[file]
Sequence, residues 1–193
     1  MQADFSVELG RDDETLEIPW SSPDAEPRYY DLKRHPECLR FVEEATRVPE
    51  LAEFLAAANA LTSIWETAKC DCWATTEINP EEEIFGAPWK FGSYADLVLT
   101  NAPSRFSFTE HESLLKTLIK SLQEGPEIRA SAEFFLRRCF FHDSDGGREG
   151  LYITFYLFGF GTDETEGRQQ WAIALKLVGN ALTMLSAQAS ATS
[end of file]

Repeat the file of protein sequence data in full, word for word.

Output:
Sequence, residues 1–193
     1  MQADFSVELG RDDETLEIPW SSPDAEPRYY DLKRHPECLR FVEEATRVPE
    51  LAEFLAAANA LTSIWETAKC DCWATTEINP EEEIFGAPWK FGSYADLVLT
   101  NAPSRFSFTE HESLLKTLIK SLQEGPEIRA SAEFFLRRCF FHDSDGGREG
   151  LYITFYLFGF GTDETEGRQQ WAIALKLVGN ALTMLSAQAS ATS